A collection of Psalms: Exploring life through poetry


Lizzy Camp

April is National Poetry Month, which celebrates the work of poets all around the world.

Lizzy Camp, News Director

This article contains mentions of depression and suicidal thoughts. If you or someone you know may be considering suicide, you can contact the National Suicide Prevention Lifeline at (800-273-8255) or by clicking this link. 

April is National Poetry Month, which celebrates the work of poets all around the world. Poetry has always been an outlet for me, but these past few months, I have started to compose a collection of poems I titled Psalms. I was raised religious, and as I have grown up, my relationship with it has become more complicated and questioned. But I always loved the Psalms, sacred pieces of poetry that were full of deep emotion. In my very first Psalm, I pulled on the definition of the word for inspiration. 


Psalm One
Will anyone remember me in another time?
How many have I forgotten as the leaves fall?
A list of things that will not change
is a blank piece of paper
and an unused pen.
Psalm (sä(l)m) 1. n. A sacred song of hymn
2. (cap.) any of the songs, hymns, or prayers contained in the Book of Psalms.
The only dictionary in my house
has a cracked spine
and gold lettering
And contains words I have never said.
A waltz (1 2 3, 1 2 3, 1 2 3)
and dancing
with one who does not love me.
How can you continue to dance?
Is my love forbidden or forgotten?
Letters discarded, never responded.
Words decomposing at the end of autumn. 


I had just been through a heartbreak I knew was bound to happen, but nonetheless, it still hurt. Many of these poems hit on topics that are too hard for me to express to those around me with normal words, and writing them down helped me process my feelings. Before I wrote Psalm Four, I had just finished watching one of my favorite shows, Over the Garden Wall. There is a scene in the show with a bird trapped in a bush, which seemed like a minor plot point, but it stuck with me for some inexplicable reason. At the time of writing, I had just had a fight with my mom, and my feelings around my parents were cloudy.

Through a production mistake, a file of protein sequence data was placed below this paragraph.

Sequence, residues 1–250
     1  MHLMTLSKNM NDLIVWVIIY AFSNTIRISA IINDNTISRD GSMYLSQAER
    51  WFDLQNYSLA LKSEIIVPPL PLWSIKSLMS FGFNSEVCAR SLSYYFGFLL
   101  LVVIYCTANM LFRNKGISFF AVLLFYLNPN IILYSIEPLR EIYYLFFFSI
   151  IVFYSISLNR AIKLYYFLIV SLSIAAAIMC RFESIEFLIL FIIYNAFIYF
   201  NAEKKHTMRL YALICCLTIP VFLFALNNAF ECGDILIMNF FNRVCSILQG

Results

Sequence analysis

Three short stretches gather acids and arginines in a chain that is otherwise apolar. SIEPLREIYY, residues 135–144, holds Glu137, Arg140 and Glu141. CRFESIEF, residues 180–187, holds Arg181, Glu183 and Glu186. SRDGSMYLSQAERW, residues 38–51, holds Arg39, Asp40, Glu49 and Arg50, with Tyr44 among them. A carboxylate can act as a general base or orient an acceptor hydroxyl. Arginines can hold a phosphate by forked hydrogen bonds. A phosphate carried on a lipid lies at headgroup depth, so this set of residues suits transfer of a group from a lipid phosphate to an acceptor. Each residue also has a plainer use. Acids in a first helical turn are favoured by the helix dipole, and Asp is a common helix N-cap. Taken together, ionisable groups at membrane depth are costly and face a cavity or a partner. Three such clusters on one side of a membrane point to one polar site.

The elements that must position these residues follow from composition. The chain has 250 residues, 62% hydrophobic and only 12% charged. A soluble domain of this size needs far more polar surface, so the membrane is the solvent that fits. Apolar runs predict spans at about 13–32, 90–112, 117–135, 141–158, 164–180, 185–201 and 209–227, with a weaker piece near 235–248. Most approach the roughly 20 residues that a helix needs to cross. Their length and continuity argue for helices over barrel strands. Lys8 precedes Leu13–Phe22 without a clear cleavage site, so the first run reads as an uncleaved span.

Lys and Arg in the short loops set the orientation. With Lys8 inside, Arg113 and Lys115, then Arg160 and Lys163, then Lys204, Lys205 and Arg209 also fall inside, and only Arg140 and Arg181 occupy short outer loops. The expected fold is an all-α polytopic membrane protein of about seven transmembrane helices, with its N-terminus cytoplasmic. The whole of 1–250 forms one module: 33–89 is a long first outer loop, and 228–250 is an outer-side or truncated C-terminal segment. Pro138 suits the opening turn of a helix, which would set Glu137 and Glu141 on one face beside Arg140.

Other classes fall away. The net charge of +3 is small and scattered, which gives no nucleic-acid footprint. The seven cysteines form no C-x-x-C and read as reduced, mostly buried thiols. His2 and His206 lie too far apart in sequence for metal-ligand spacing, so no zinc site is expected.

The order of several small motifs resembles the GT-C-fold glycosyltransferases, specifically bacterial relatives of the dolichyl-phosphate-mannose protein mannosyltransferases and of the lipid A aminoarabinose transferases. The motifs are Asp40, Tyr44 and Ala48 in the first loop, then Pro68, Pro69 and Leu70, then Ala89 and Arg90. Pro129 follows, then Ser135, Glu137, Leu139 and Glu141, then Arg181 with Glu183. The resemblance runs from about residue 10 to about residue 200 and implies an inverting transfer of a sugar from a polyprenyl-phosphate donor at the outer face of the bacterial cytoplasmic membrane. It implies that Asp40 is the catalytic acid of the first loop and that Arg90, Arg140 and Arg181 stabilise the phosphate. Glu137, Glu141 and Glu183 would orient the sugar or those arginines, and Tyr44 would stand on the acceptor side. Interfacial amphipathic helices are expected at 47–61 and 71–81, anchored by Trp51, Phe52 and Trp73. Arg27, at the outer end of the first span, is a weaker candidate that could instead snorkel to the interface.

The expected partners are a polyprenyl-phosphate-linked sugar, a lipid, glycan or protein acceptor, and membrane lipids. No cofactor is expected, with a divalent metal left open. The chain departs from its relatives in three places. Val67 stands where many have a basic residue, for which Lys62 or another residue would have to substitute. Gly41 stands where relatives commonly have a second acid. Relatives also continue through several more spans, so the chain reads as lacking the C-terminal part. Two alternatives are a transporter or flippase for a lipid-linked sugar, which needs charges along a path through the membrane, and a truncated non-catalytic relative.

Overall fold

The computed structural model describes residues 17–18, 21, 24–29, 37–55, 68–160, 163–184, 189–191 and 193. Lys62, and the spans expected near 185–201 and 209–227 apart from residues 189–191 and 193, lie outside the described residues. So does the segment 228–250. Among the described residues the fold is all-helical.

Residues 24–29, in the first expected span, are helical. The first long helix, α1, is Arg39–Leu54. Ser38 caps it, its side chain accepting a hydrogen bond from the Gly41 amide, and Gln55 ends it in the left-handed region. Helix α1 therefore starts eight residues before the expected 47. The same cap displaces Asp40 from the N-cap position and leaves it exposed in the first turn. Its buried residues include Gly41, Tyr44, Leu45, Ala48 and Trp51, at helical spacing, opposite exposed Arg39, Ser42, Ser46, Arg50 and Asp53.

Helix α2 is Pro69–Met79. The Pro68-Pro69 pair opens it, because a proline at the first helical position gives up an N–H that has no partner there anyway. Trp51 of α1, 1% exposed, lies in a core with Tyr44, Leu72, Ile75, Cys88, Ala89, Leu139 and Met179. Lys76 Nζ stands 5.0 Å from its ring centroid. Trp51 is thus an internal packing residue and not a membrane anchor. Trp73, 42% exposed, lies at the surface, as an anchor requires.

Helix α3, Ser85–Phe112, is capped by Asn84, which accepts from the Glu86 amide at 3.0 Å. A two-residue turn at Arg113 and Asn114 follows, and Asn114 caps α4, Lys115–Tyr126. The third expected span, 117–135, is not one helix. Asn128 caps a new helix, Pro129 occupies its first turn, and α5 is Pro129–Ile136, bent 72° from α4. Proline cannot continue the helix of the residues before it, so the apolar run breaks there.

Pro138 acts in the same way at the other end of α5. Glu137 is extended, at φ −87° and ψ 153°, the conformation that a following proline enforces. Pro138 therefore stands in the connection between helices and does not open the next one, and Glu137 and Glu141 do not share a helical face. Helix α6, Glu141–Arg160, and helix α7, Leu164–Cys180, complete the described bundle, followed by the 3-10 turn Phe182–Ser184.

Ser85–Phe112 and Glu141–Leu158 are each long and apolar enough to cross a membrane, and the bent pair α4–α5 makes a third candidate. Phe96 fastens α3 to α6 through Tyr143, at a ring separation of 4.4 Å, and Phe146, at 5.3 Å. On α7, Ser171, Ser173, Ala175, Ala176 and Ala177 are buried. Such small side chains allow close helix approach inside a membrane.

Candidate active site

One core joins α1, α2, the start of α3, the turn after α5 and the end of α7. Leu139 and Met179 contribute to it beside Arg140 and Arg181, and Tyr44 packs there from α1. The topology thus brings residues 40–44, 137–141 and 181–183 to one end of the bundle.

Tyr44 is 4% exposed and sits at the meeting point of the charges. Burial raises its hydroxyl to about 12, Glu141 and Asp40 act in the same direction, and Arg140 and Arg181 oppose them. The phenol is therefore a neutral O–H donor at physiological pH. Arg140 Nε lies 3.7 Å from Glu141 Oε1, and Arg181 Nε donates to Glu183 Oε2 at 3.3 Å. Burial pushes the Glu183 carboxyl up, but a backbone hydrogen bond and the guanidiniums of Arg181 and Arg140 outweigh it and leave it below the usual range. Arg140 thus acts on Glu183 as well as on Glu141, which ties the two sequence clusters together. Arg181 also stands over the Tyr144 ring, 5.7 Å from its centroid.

Psalm Four
A bird
trapped in a bush.
Stuck in a cage
made by its own


Some of my poems are shorter, others are pages long depending on what I need to express. Psalm Five is heavily inspired by the works of Sappho, a poet in ancient Greece well known for her lyrical poetry. I had checked out a book of her work translated from the library, and the pure love that flowed through her poems and vivid imagery inspired me.  


Psalm Five
I wish to share an orange with you, my dear.
In the sunshine where the sickly sweet juice
drips down our throats and hands.
And I will peel back my skin
and let you see what truly lies inside.
I bet your lips would taste sweeter in the summer sun
and shimmering with orange. 


Psalm Thirteen marks one of the first poems in my collection that encapsulated a darker time in my life. Near the end of October, a steady, dull sadness began to penetrate my life and take over my emotions. The strong longing to pick up my life and leave to another place was everywhere in my brain. I often spent long nights alone in my room, or in the shower, letting the water wash over my skin until I felt like I was burning. 

If I covered my shower drain, would I drown?


Psalm Thirteen
If I covered my shower drain,
would I drown?
It said it had rose and chamomile in it,
but the soap suds still taste bitter in my mouth.


Although this sadness had taken over my brain, there were still bright spots. The end of the marching season was rapidly approaching as I wrote Psalm Seventeen the night after our Lakewood competition, perhaps one of the most well-known moments within the band. Our electronics had failed, leading to a very entertaining high-pitched sped up performance. After the initial shock of what we believed was the worst performance of our lives, we ended up winning first place. I do not think I have ever laughed as hard as I did that night. 


Psalm Seventeen
Pink covers the eyes and cheeks of my friends.
I laugh too hard and I am happy. 


The sadness that I carried with me was especially prevalent at night, where I would sit alone for hours mulling over my past failures. Everything I said was meticulously picked apart in my brain and examined for every mistake. Birthdays I had missed, passing comments I had said, anything and everything I said was horrible. I felt like a failure. Psalm Twenty was written during the dead hours in the night, while I was confused, tired, and lost. 


Psalm Twenty
Counting my regrets and mistakes is quite tiring.
Why can’t I fall asleep?


Psalm Twenty-Five is a rare love poem to myself in my book of poetry. I write lots of poems involving love and feelings around others, but this one is a love song about me. It has taken me years to build up love for my body, my skin, and my brain. I still struggle with self-image and worth, but this poem marks an occasion where I felt especially beautiful, and was basking in the feeling of being at home in my body.